The drug maker Pfizer announced yesterday that an early analysis of its coronavirus vaccine trial suggested the vaccine was robustly effective in preventing Covid-19, a promising development as the world has waited anxiously for any positive news about a pandemic that has killed more than 1.25 million people.
Pfizer, which developed the vaccine with the German drugmaker BioNTech, released only sparse details from its clinical trial, based on the first formal review of the data by an outside panel of experts.
The company said that the analysis found that the vaccine was more than 90 percent effective in preventing the disease among trial volunteers who had no evidence of prior coronavirus infection. If the results hold up, that level of protection would put it on par with highly effective childhood vaccines for diseases such as measles. No serious safety concerns have been observed, the company stated.
“Today is a great day for science and humanity. The first set of results from our phase 3 Covid-19 vaccine trial provides the initial evidence of our vaccine’s ability to prevent Covid-19,” said Dr Albert Bourla, Pfizer Chairman and Chief Executive. “We are reaching this critical milestone in our vaccine development program at a time when the world needs it most with infection rates setting new records, hospitals nearing over-capacity and economies struggling to reopen. We look forward to sharing additional efficacy and safety data generated from thousands of participants in the coming weeks”, Dr Bourla added.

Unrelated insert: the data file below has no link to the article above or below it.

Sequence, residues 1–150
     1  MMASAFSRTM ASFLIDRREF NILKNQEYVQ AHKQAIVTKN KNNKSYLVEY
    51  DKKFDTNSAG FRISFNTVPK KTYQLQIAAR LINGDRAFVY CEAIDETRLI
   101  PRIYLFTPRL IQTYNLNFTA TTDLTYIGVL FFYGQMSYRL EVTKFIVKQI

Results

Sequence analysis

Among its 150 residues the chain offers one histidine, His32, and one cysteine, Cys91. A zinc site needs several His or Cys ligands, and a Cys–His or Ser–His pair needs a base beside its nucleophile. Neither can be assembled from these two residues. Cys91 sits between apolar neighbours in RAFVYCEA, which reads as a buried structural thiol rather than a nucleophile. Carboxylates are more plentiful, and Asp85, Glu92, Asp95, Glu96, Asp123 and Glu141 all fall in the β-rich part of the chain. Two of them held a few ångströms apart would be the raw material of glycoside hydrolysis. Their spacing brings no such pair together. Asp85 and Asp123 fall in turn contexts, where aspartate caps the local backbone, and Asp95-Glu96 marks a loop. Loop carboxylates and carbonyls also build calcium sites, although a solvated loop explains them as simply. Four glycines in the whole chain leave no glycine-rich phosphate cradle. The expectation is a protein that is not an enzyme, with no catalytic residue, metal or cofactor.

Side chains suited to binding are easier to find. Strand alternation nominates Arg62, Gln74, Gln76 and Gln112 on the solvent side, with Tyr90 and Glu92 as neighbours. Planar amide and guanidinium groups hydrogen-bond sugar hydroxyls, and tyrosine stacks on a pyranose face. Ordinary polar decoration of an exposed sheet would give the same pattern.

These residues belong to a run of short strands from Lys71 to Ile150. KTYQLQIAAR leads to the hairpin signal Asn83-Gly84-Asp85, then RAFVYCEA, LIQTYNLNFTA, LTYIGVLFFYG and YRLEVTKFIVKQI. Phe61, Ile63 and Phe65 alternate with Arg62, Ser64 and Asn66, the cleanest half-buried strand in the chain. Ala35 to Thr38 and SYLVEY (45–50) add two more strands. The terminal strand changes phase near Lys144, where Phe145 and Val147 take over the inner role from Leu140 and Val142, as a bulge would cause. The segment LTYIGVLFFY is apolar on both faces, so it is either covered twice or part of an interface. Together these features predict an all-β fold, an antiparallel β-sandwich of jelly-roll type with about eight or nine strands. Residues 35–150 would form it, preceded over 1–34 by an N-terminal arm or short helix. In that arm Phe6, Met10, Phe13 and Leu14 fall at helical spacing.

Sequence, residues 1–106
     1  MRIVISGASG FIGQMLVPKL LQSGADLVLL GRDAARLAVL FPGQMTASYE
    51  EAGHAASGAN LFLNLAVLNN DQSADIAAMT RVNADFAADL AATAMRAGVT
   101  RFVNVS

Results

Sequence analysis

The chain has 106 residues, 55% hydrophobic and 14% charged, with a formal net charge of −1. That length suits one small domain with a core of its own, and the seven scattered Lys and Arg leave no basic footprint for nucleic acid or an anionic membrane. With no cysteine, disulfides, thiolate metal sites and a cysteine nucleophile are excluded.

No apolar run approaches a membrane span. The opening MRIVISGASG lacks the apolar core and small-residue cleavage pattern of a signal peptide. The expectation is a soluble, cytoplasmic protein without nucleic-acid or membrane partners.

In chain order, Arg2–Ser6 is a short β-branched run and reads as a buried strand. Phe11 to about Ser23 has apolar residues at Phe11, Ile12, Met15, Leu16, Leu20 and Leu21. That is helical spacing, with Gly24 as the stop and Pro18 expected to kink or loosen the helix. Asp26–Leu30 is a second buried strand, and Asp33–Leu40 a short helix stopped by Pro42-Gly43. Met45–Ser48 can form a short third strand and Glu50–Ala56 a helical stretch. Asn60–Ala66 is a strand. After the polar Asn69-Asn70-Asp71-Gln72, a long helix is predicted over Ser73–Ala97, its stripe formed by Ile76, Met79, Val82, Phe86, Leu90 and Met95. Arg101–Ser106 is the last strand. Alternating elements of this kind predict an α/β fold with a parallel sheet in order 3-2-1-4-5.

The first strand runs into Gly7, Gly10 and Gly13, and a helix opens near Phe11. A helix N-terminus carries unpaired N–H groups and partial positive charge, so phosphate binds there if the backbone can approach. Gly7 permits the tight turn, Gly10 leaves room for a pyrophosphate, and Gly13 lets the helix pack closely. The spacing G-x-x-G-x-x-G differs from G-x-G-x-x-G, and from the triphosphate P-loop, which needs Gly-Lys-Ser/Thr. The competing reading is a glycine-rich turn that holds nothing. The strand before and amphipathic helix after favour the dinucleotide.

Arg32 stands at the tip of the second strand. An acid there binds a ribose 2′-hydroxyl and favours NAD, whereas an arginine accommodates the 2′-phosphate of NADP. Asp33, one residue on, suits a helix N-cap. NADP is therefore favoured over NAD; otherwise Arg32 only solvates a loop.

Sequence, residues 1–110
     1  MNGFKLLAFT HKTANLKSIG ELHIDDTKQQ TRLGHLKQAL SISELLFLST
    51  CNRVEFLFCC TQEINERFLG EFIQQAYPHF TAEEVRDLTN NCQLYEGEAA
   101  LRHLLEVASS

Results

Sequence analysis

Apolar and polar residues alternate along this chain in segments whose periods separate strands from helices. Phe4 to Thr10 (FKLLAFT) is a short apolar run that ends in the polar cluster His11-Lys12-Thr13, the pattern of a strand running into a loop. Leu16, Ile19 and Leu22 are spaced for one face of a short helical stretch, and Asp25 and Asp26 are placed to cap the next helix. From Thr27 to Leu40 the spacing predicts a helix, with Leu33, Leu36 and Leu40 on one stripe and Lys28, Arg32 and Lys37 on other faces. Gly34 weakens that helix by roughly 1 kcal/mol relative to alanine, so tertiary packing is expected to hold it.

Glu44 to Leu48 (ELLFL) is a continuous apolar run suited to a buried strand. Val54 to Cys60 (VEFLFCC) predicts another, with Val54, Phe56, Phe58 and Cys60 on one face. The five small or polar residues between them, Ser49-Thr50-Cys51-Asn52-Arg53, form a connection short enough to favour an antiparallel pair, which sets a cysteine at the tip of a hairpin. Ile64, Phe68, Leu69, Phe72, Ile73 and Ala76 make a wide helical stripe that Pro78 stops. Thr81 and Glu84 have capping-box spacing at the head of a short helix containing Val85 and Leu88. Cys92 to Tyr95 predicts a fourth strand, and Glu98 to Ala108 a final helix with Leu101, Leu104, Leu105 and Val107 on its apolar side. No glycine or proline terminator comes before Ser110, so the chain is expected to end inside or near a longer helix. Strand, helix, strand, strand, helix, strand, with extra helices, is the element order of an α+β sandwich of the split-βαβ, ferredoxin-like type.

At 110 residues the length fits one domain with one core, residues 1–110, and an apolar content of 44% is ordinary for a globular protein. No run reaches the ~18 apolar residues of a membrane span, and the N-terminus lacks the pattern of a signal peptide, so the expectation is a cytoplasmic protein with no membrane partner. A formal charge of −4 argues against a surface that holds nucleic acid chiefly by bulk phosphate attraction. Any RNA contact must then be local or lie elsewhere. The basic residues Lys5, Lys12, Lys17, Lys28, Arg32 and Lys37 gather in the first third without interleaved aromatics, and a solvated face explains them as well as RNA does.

Dr. Anthony Fauci, the U.S. government’s top infectious-disease expert, said the results suggesting 90% effectiveness are “just extraordinary,” adding: “Not very many people expected it would be as high as that. In addition, Dr. Bruce Aylward, the World Health Organization’s Senior Adviser, said Pfizer’s vaccine could “fundamentally change the direction of this crisis” by March, when the U.N. agency hopes to start vaccinating high-risk groups.
Pfizer plans to ask the Food and Drug Administration for emergency authorization of the two-dose vaccine later this month, after it has collected the recommended two months of safety data. By the end of the year it will have manufactured enough doses to immunize 15 million to 20 million people, company executives have said. Former vaccine frontrunner Moderna, does not expect to have the trial data required to go for approval until the 25th of November, whilst AstraZeneca’s partnership with the University of Oxford expects results by the end of 2020.
Pfizer/BioNTech’s mRNA vaccine, which uses the genetic code rather than any part of the virus itself, has been one of the leaders in the global vaccine race. The phase 3 trials have involved more than 43,000 people and are intended to establish whether the vaccine works. Volunteers are given either the Covid vaccine, which was administered in two shots about three weeks apart, or a placebo alternative such as the meningitis vaccine, and neither they nor their doctors know which they have had.
Read the Full Pfizer Press Release HERE